Looks like they only stock items starting with the letter “C”: Chips, Crackers, Candy, Canned Soup, Cup O’ Noodles, other Carbs, and Condoms.

    Sucks if you’re trying to have a balanced diet.

  9. DemosCat says:

    This same idea was tried back in the 1970′s. Not robotic; there was a person on duty inside fulfilling the order. Needless to say, the idea of a drive-thru grocery flopped. It seems people like to see what they are buying, like not selecting the dozen broken eggs container.

  10. quail says:

    This is perfect for college campuses. You know how many times I had to walk to a nasty convenience store before it closed at 9 pm just to get stale, overpriced bread back in the day? (Yes, it was uphill both ways too.)

    The real question, however, is whether it dispenses condoms.

  11. Mimbla says:

    The headline of this article made my morning.

  12. kc2idf says:

    “. . . since store discount cards aren’t an option . . .”

    Why not? Last I checked, most discount cards were machine-readable.

    • Daggertrout says:

      The Kroger gas station even has a barcode scanner built into the pump so you can get your gas discount too!

      • elangomatt says:

        Its a good thing it has that bar code reader too, since the magnetic strip on my Kroger card has long since been worn off, but the barcode is still readable.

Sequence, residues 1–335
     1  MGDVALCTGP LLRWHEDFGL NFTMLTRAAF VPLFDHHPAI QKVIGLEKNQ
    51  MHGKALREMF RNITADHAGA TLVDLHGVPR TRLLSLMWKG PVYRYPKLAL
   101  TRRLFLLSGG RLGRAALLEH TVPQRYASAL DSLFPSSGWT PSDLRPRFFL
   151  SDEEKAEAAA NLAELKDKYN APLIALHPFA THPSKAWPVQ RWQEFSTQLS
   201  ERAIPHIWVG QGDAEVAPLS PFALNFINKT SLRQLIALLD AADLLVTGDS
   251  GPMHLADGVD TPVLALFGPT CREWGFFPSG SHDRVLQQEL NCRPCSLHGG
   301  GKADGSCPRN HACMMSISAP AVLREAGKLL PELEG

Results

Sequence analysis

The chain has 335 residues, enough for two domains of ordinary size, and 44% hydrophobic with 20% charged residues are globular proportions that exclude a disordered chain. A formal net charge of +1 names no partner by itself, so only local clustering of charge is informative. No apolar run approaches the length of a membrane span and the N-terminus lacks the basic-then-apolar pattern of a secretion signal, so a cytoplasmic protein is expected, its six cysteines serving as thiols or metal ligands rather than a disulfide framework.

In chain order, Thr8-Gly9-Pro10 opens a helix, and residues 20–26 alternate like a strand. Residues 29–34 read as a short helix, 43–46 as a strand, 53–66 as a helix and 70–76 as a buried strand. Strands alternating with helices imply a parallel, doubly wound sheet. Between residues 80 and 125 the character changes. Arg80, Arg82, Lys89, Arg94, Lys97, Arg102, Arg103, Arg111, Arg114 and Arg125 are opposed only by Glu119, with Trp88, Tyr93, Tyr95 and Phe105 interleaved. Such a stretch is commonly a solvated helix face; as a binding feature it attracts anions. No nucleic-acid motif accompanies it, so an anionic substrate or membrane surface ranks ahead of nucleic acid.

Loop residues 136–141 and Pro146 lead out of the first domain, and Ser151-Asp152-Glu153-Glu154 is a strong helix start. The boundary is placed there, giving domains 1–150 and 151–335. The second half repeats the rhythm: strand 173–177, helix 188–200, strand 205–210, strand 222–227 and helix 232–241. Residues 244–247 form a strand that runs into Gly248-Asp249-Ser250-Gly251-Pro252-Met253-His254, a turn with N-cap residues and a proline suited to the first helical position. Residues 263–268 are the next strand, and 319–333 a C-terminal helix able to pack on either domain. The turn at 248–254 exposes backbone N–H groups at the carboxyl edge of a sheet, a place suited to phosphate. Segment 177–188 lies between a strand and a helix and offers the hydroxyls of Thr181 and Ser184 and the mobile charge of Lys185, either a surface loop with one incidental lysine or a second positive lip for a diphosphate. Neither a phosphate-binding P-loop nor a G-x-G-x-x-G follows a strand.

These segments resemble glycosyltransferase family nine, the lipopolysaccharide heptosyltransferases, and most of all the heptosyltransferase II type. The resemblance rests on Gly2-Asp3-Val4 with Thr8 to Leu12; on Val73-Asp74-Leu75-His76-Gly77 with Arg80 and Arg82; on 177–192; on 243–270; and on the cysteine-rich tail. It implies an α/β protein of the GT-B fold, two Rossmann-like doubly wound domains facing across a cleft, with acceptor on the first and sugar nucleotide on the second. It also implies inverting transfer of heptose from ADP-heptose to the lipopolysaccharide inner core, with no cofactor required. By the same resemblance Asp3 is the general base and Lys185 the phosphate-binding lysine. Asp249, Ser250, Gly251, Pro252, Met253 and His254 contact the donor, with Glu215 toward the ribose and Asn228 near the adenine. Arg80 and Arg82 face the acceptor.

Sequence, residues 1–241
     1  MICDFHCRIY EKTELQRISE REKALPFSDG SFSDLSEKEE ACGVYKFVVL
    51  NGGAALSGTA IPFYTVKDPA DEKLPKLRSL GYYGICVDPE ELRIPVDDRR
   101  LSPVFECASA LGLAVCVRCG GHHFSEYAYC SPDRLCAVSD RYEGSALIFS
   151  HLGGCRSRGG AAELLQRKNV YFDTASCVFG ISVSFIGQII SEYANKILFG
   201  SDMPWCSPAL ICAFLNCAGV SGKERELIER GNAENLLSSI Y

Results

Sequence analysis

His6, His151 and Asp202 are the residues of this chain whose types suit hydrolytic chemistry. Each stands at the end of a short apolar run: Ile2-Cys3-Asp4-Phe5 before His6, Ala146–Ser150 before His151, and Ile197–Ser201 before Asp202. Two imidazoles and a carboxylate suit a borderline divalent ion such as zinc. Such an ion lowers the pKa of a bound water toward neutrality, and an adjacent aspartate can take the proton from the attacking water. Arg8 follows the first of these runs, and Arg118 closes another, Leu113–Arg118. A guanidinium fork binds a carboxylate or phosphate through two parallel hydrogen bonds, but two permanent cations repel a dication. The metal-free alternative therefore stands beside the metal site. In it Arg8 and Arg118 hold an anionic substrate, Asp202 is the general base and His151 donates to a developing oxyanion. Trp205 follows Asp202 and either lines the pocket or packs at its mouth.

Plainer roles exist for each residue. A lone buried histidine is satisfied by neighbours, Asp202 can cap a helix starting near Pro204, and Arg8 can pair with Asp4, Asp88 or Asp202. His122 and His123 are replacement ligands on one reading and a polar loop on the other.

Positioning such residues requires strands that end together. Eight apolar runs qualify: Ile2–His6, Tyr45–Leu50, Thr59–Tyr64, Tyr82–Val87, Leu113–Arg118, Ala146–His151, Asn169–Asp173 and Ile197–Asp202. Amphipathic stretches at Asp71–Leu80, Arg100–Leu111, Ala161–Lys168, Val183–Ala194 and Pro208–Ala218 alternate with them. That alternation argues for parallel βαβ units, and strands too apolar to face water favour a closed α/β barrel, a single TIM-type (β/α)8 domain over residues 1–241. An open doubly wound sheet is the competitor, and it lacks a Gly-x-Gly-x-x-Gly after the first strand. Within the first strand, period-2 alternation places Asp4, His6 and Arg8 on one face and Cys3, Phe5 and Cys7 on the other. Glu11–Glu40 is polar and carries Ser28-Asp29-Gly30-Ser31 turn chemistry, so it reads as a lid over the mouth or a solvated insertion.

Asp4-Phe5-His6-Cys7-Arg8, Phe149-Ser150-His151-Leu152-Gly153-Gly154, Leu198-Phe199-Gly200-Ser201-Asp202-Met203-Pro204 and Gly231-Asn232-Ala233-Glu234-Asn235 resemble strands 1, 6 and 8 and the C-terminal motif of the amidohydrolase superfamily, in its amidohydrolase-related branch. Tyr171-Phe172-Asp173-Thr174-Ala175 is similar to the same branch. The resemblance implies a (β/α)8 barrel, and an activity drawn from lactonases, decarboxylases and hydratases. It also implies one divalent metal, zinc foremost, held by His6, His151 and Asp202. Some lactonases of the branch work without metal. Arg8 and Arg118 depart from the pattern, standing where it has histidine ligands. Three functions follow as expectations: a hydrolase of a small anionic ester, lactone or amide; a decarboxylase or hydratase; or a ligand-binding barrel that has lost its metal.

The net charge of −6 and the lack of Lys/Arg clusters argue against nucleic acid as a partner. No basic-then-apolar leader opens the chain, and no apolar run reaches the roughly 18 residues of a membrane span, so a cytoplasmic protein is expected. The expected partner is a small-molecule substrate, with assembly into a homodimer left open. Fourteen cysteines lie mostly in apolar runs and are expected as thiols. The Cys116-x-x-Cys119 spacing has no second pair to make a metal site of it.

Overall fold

• kc2idf says:

          I’m not in Kroger territory, but here in Price Chopper territory, the discount card is also good at some participating Sunoco stations. At Price Chopper stores themselves, they usually use the barcode on the card (if you swipe the magstrip, the terminal will tell you to give the card to the cashier for scanning), BUT, the gas stations that are participating in the program don’t have barcode readers. At these, you use the magstripe.

          Now, that said, both the gas stations and the stores have options for no-interaction-with-staff purchases. Pay at the pump or self-service line, whichever is appropriate, both allow you to use your discount card by letting a machine read it.

  13. Outrun1986 says:

    This is really awesome if they keep the prices the same as in the stores. Most college campus bookstores purposely overcharge for basic necessities so this is something that is much needed on campus, especially if the school is not in a college town that has more options than the bookstores.

  14. jimbobjoe says:

    I saw the one here in Columbus when it was being tested and it certainly was not the same price as the store. I distinctly remember Prego costing $3-$4 a jar, which is horrific for that awful tomato paste.